Anyway, we have found ourselves at the, level of the development of human relationships. We recognize their importance, and yet we fail to develop the relationship of "mate." Why would that be? If we are decent looking, have the same chemistry as every other human, and we are horny, then what should prevent us from finding a suitable mate? I think it comes back to fear. It is our fear which throws up road blocks like defensiveness, it is our fear which worries about what our mom and dad might think, or our church friends, or the neighbours. As we grow older these fears become more deeply embedded and romantic relationships become almost impossible. We have rationalized our fear into a set of rules, criteria by which we will only allow romance to happen on such and such a ground. "If I am brusque at the beginning and she doesn't like me then so be it, that's who I am and so it is her problemo." In other words we are hardly sending out the signals that would grab us a life partner. (Please, I am not talking about anyone in particular, so don't get your shirts in a knot. I am just interested in the aspects of "the relationship") So what happens when level I & II were never really an issue for us? Should level III become our level one? Because we have never had to grapple with level I & II has our ability to cope with level III been compromised. I think so. We have not had to make choices of life or death and so the question of a mate becomes elusive; it becomes whim and fancy. How many of us would have chosen our present mate if we truly knew what is was to want for food, or if we lived in fear for our safety? How many of our mates would have chosen us? I think BFS has shown us that our lives lacked a certain depth of character, that we lacked honesty of mind, and consistency of soul.

I believe it all boils down to, do we, can we follow what must move us.

Cheers,
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Postby JodiD on December 15th, 2005, 10:47 pm

basso wrote:We have not had to make choices of life or death and so the question of a mate becomes elusive; it becomes whim and fancy.

I think you may be onto something here. When I consider the world my grandparents lived in I'm amazed that anyone ever got married at all. They had it rougher than we did, so they had levels I and II covered. And despite the fact that there weren't many eligible people to choose from, somehow they did manage to find someone to marry. (Of course, there may have been many who didn't, but they don't have posterity to tell the tale.)

They possibly had lower expectations, but more importantly, they didn't have the option of choice, and didn't know what they were missing because their circle of acquaintances was small. In our world, there are far too many choices, yet at the same time I think there is far less opportunity to choose. And once you get my age, they say you have a better chance of being killed by a terrorist than of getting married. :shock:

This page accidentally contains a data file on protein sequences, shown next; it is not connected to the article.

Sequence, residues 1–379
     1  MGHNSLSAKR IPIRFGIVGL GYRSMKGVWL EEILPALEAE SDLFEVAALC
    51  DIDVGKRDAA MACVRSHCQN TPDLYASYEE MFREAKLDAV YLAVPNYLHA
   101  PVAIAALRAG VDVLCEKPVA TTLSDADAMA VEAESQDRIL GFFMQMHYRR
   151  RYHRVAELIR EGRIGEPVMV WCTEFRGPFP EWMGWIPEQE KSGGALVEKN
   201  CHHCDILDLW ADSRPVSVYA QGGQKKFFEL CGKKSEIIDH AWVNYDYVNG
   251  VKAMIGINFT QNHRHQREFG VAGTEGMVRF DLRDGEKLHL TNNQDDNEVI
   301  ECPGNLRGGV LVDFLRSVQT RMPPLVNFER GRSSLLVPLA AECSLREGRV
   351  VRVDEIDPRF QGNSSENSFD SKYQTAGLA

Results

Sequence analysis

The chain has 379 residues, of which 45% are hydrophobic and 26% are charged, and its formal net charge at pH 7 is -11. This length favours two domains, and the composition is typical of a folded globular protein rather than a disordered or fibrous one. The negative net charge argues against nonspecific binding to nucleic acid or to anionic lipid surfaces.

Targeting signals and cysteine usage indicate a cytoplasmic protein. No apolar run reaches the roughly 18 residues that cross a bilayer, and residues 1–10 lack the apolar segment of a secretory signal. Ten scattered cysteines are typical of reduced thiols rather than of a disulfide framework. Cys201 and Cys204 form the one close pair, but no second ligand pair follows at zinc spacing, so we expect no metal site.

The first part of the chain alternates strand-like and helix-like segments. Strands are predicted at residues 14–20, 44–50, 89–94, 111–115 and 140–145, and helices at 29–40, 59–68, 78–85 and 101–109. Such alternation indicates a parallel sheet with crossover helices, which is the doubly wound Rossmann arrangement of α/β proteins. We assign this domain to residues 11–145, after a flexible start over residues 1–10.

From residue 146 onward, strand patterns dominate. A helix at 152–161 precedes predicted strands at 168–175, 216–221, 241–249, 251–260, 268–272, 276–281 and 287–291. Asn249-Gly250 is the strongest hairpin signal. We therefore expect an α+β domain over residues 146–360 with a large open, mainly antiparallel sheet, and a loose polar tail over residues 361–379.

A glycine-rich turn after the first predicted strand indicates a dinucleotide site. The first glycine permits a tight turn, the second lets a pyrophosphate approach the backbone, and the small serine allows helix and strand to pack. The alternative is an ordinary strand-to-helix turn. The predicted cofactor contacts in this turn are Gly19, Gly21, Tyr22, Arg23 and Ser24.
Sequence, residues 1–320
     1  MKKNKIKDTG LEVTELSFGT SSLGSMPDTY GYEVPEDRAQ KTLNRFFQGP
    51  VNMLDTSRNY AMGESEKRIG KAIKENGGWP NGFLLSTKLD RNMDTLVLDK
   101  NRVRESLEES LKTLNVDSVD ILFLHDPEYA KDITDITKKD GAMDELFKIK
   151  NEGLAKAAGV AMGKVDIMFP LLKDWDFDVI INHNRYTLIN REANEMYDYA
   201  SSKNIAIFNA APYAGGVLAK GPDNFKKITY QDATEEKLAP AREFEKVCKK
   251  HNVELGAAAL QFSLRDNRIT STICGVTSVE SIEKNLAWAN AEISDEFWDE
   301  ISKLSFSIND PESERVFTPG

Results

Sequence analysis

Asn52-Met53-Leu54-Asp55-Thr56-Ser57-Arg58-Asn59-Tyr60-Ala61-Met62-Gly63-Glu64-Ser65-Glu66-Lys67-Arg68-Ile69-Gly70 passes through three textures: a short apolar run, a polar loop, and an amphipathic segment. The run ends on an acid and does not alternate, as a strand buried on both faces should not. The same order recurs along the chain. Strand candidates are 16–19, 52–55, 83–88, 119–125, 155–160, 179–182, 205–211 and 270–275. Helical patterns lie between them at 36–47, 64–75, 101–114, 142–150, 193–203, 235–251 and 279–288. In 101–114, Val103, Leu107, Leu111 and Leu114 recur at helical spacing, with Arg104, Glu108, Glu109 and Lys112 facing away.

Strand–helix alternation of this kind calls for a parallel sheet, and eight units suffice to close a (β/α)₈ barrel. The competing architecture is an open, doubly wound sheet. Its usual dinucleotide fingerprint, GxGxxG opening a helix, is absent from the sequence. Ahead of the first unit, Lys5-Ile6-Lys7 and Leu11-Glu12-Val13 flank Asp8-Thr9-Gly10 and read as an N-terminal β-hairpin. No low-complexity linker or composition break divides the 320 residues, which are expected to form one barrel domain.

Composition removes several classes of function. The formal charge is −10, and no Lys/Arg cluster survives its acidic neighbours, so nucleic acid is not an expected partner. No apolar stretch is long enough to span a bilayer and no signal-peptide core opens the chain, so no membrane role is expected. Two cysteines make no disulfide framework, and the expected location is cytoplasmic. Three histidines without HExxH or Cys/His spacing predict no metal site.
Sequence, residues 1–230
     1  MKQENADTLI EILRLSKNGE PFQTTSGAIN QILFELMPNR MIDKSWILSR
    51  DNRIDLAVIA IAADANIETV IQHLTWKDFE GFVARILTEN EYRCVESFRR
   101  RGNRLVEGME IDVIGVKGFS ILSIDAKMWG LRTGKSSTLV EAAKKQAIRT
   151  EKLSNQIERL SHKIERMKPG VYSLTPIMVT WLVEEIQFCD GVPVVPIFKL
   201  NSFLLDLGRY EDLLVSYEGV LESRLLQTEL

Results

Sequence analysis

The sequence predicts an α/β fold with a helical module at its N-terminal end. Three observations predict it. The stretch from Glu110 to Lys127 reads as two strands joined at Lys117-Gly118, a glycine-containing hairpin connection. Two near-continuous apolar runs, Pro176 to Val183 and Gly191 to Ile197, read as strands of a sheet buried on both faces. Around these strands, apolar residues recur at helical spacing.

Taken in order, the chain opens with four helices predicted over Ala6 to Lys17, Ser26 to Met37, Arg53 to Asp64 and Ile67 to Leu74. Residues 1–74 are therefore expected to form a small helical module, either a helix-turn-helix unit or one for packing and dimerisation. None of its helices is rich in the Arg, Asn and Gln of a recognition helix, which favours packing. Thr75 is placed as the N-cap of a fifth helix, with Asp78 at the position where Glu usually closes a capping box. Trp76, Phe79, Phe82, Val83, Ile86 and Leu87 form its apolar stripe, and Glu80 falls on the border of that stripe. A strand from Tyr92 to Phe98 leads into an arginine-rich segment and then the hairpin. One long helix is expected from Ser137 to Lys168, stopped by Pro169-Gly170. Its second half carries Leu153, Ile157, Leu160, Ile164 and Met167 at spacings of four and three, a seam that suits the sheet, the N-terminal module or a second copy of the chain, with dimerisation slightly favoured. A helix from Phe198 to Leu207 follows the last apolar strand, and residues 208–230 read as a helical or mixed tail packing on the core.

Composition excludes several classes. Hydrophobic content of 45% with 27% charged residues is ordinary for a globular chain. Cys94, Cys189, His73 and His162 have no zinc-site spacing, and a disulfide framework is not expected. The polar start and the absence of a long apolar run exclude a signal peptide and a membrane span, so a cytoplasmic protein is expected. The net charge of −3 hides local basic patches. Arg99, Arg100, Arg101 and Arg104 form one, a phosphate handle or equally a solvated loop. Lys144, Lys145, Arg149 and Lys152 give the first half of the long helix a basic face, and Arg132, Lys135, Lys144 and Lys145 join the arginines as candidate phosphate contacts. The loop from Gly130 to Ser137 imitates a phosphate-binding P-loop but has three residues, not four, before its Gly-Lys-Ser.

Jodi, who is wondering what has become of basso's avatar
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Postby basso on December 16th, 2005, 8:19 am

I'm wondering, perhaps arranged marriages might be something that could come into vogue.

I didn't think I had anything left to say on this issue but...I do. How would divorce and cheating on ones partner factor into all this? It would seem that for many, once you have taken care of level I & II, and level III is looking pretty good: it is time for further dalliance with the sex part of level I, and then perhaps another relationship in level III. In other words, I got my beer, my belly is full, time to party. :D Level IV might be given a go by some, and then back to level I and III again, just to get back to ones roots. Level V? uh no thanks, too much work, and anyway my belly is full. Level VI, VII, VIII, philosophy, art, transcendence? Fu** that...let's dance....on level I. :lol:

Ciao,
Basso

Oh and about the avatar; I am still debating between completely naked or wearing the satin frilly panties. Any suggestions?, I know what SuziQ thinks.
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Postby felicia on December 19th, 2005, 2:36 pm

hi all,
so I havent been frequenting this site lately, but I'm still twitching some days great others same old same old. This is the first post I read upon entering the forum. I have to say I groaned when I saw maslow's theory and it wasn't until basso's last post that I laughed. in college we studied this in what seemed like every class. I have to get into my notes because if I remember correctly only like 1% of the population becomes self actualized with the majority stuck on levels 1-3 (no wonder). so there you go basso!